The jury was comprised of actress Laurence Leboeuf (15/Love, Being Erica), Robin Smith, president of Canadian distribution company KinoSmith, and writer Zsuszi Gartner (All the Anxious Girls on Earth).
 
The other 2011 films in the competition included:
 
·     Edwin Boyd - dir: Nathan Morlando (Canada - Western Canadian Premiere)
·     Hail -  dir: Amiel Courtin-Wilson (Australia – North American Premiere)
·     In The Family – dir: Patrick Wang (USA – Canadian Premiere)
·     The Invader - dir: Nicolas Provost (Belgium - Western Canadian Premiere)
·     Laurentie -  dir: Mathieu Denis and Simon Lavoie (Canada - English Canadian Premiere)
 
The $2,500 Best Documentary Award was awarded to KIVALINA V. EXXON (dir: Ben Addelman). The jury unanimously recognized KIVALINA V. EXXON for “humanizing global warming and bringing home the fact that global warming is now, not somewhere in the distant future.”
 
The $1,000 Best Shortwork Award went to THE PARIS QUINTET IN PRACTICE MAKES PERFECT (dir: Benny Schuetze) “for it’s infectious collaborative spirit, original concept and joyful execution.”
 
The $500 Best Student Shortwork Award went to Ryan Flowers and Lisa Phams’ NO WORDS CAME DOWN. The Jury praised the film for “it’s courage and compassion and being a film that surprised and moved us with its mature take on an unlikely encounter.”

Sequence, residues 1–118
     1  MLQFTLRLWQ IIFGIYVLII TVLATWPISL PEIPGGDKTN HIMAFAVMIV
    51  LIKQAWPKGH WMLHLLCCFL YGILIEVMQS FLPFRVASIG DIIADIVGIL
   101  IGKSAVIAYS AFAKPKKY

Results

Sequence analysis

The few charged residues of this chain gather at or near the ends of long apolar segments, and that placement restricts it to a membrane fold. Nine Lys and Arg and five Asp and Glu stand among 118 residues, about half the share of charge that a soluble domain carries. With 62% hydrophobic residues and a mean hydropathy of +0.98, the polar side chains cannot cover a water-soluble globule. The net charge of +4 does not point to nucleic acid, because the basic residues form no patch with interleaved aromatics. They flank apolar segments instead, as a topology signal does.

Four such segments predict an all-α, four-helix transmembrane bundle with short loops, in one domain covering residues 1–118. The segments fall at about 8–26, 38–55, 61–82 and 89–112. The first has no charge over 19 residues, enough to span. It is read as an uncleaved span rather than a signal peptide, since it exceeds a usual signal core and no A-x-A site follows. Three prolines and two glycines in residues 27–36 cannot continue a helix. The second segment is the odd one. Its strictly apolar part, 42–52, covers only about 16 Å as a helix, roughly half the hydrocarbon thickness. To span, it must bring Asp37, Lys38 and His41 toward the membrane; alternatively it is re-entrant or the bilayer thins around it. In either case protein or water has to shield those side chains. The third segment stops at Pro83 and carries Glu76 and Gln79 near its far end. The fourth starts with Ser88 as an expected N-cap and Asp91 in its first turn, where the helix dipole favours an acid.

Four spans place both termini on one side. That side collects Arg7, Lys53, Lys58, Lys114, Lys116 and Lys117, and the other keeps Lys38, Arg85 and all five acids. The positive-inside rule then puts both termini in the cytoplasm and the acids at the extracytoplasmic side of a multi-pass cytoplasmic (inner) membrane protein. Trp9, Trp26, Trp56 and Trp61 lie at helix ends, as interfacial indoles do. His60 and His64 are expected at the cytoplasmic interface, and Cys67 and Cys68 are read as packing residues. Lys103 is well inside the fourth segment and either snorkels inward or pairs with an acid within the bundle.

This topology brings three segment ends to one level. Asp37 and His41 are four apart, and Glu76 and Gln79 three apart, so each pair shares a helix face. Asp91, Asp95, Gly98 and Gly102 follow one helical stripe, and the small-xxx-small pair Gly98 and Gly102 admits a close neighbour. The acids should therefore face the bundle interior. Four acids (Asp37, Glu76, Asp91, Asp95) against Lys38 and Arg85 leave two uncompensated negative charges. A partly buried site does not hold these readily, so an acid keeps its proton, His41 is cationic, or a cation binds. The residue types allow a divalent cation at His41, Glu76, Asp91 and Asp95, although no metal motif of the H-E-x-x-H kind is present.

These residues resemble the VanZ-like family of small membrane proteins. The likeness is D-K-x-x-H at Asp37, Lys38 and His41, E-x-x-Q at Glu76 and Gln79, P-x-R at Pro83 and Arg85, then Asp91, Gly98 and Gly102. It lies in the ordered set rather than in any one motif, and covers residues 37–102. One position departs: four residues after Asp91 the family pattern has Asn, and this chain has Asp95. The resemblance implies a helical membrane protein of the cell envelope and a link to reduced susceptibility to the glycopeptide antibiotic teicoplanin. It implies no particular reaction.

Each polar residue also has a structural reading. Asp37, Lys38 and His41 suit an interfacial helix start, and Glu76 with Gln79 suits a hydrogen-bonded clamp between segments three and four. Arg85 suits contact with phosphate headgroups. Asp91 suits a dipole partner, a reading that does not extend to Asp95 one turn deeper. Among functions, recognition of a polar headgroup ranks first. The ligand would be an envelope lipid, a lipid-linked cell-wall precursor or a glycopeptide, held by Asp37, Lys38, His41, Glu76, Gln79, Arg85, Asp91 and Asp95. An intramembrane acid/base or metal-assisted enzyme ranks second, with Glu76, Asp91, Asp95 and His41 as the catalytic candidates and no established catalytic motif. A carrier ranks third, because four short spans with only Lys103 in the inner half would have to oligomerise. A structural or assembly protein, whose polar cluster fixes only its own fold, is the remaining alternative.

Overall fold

The $1000 Best Mountain Culture Film Award presented by Whistler Blackcomb went to RAINFOREST: THE LIMIT OF SPLENDOR, directed by Richard Boyce. The Jury praised the film for “re-exposing our most critical environmental issue while at the same time pushing the cinematic experience and limits of storytelling, cinematography and editing.”
 
MPPIA Short Film Award, presented by MPPIA and British Columbia Film, was won by Mark Ratzlaff for BEAUTY MARK. The award consists of a $10,000 cash award from MPPIA, a $5,000 cash award from British Columbia Film and up to $100,000 in-kind services. The completed project will have its world premiere screening at next year’s 2011 Whistler Film Festival.
 
The Jury Special Documentary Mention went to THE VANISHING SPRING LIGHT (dir: Fish Yu) “for its uncompromising aesthetic, and rigorous commitment to the observational form.”
 
The Awards Brunch also acknowledged the Festival's Tribute recipients:
·     Actor Patton Oswalt - Supporting Performance of the Year - (Young Adult, Big Fan, The Informant and Ratatouille, as the voice of Remy)
·     Actor Michael Shannon - Spotlight Tribute – (Revolutionary Road, Take Shelter, Boardwalk Empire)
·     Actor/Writer Jay Baruchel - Whistler’s first Screenwriter to Watch Award – (Goon, Almost Famous, She’s Out of My League, Million Dollar Baby, Tropic Thunder, Knocked Up, The Trotsky and the Oscar-nominated feature How to Train Your Dragon)
·     Director Jennifer Yuh Nelson - First ever Trailblazer in Animation Award – (Kung Fu Panda 2)
·     Actor/director/author Andy Serkis - Variety’s Tech Pioneer Award – (The Lord of the Rings film trilogy)
 
The winner of the Audience Award will be announced in the festival’s wrap-up announcement. The award is a non-cash prize presented to the highest-rated film as voted by the WFF audience.
 
The complete festival wrap-up will be announced on Tuesday, December 6.
 
The Whistler Film Festival celebrated its 11th edition as one of Canada's leading festivals from November 30 to December 4, 2011. It attracted 10,000+ attendees and 500+ industry insiders and was filled with more star-studded guests, lively celebrations and premieres than ever before.

This article is related to: Guy Maddin, Festivals, Patton Oswalt, Michael Shannon, Isabella Rossellini, Andy Serkis, Jay Baruchel, Jason Patric, Udo Kier